“He’ll be like, ‘Great Scot, I’ve created life itself!” “Cosima, come here. I think you should see this.”

First of all, that impersonation was sort of scarily good. Why do they have other cast members? Just let Maslany play everyone. Actually, just fire all other actors in the world and let her play everyone ever.

Cosima, the one who is seemingly in the most dangerous position down the hall from Leekie and sleeping with her monitor, is the one in the most stable position. She and Delphine aren’t perfect–Cosima even does call her a “bitch” here–but Delphine is also able to respond perfectly, with complete understanding of what Cosima was saying and no return malice. The only real cracks we get here are the fact that Delphine feels like Cosima isn’t taking her situation seriously enough, which is somewhat true.

“Just wondering. . . . Who are you?”

Cal builds “pollinator drones” for areas where the bee population is too low, but his partners sold out to the military. Can we get more parallels to what the Proletheans are doing with Helena? He built a piece of modern technology to help nature through its own woes only to have someone else take it and use it as a weapon. So, he’s retreated away from science and modernity toward nature, living in a cabin in the middle of nowhere with a patch of weed out back and a chicken coop out front.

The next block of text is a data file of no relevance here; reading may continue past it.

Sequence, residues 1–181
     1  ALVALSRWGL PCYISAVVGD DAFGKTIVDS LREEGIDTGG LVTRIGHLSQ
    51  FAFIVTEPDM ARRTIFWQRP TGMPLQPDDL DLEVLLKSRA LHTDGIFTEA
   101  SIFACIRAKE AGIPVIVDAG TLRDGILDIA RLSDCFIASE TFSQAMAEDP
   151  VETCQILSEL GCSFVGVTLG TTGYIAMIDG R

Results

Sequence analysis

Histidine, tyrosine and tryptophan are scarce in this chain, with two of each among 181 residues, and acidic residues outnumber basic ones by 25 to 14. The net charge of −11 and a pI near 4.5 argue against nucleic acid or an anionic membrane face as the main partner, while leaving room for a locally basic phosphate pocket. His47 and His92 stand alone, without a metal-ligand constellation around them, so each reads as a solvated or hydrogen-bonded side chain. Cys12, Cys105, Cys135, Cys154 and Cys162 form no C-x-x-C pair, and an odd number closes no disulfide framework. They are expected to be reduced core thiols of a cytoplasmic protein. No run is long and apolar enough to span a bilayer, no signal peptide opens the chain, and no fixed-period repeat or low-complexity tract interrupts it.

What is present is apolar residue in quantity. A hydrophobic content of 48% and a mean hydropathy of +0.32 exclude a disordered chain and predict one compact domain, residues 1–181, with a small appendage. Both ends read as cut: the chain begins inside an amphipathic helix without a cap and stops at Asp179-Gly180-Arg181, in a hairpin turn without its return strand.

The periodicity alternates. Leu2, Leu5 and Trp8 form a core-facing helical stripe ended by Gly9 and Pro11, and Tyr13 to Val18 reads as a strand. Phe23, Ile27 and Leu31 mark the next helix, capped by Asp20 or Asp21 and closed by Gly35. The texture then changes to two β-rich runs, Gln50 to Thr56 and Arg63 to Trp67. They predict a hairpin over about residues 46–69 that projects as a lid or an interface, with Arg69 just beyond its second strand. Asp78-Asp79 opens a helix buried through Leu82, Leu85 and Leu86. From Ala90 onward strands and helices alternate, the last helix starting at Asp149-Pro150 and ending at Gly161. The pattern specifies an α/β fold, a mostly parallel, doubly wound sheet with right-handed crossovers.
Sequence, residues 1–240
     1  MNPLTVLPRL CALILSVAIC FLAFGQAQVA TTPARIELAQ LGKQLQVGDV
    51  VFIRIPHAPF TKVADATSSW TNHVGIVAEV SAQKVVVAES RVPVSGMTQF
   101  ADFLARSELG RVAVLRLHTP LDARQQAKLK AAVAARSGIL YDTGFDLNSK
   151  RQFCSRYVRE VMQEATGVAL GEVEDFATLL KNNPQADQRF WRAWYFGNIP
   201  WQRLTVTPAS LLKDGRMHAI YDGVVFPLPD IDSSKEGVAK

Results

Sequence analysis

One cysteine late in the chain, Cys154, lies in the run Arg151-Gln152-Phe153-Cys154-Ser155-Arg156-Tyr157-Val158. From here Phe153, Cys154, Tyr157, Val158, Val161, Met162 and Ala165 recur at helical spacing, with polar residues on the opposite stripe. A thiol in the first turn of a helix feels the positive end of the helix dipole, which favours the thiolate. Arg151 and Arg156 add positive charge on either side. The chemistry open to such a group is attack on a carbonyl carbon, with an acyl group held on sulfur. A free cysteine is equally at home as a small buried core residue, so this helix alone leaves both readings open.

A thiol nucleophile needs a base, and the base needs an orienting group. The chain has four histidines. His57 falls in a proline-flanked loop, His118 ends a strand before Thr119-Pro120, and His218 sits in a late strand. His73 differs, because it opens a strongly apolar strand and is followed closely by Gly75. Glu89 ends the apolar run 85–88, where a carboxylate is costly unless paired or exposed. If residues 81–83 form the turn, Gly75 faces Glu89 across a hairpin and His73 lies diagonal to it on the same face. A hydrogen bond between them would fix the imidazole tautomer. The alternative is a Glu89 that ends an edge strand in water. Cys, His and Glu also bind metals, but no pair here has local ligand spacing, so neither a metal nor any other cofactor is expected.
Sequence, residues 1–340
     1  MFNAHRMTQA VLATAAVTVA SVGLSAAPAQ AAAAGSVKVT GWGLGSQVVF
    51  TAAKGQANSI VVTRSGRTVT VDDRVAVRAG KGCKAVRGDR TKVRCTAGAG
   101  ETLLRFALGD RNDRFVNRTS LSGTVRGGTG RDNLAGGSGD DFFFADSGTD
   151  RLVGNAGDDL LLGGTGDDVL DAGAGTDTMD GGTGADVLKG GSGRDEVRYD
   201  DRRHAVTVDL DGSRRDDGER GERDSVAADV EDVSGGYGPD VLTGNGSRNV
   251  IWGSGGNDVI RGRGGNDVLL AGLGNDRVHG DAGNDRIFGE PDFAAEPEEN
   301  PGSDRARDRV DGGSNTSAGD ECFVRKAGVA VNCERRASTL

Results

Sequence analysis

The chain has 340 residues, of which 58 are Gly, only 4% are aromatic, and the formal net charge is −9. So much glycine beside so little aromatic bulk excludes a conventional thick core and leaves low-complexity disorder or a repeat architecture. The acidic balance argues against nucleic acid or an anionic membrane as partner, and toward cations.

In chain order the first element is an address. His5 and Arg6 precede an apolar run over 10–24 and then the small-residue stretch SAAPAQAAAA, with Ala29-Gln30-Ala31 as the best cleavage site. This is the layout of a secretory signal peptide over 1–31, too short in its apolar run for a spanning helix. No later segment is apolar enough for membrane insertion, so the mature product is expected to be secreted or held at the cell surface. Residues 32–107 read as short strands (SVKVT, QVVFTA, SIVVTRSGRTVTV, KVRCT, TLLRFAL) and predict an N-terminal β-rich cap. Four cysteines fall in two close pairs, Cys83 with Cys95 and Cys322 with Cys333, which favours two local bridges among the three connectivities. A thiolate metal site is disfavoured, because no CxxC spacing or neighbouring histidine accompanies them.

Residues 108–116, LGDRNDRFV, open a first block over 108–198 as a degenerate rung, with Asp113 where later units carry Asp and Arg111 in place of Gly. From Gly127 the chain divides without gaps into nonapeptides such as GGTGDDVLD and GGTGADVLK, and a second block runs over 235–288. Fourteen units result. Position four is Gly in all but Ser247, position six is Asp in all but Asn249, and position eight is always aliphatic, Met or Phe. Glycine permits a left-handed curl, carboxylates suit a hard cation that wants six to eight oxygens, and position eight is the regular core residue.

At the end of the episode, he has Kira and Sarah has just been in a car accident not far away, so Cal’s going to end up caught up in this web. Is he the Kathy Hale of this situation–an innocent victim who ends up being the only one the hero can trust? Or is he another old friend who turns out to be part of the conspiracy?


  • “My worst nightmare–not having done my hair for picture day.” Sometimes I wonder if Felix is a bit too much of a walking stereotype, but sometimes he’s just hilarious.
  • When Felix is discussing his departure with Sarah, he is apparently wearing a purple sequin shirt underneath the ratty grey sweater . . .
  • “Your play?” “Don’t belittle me, Cosima!” I’m impressed that no one else belittled it yet! How did Sarah not respond to Felix by saying, “Oh yeah, she needs you for a musical. It’s not like I just escaped armed gunmen with my daughter and that may be more important?” I like that everyone else seems willing to accept that Allison is actually so high-strung and Loony Tunes that her musical actually is a big deal.
  • Why are there so many friendly local cops in movies and TV who will cover up anything for someone just because they think this is a “good” person? And don’t bad things always happen to them?
  • “New Waver, huh? Sounds like ’em.” Much like the description of David Tennant as having “sort of ‘modern’ hair” on Doctor Who, calling Felix a “New Waver” is a somehow perfect description that seemingly means nothing.
  • Want to know more about the weird musical Allison is performing? I think this is its website.
  • And the Polar Bears have a review up as well–we didn’t talk about many of the same things this week, it seems! Fun!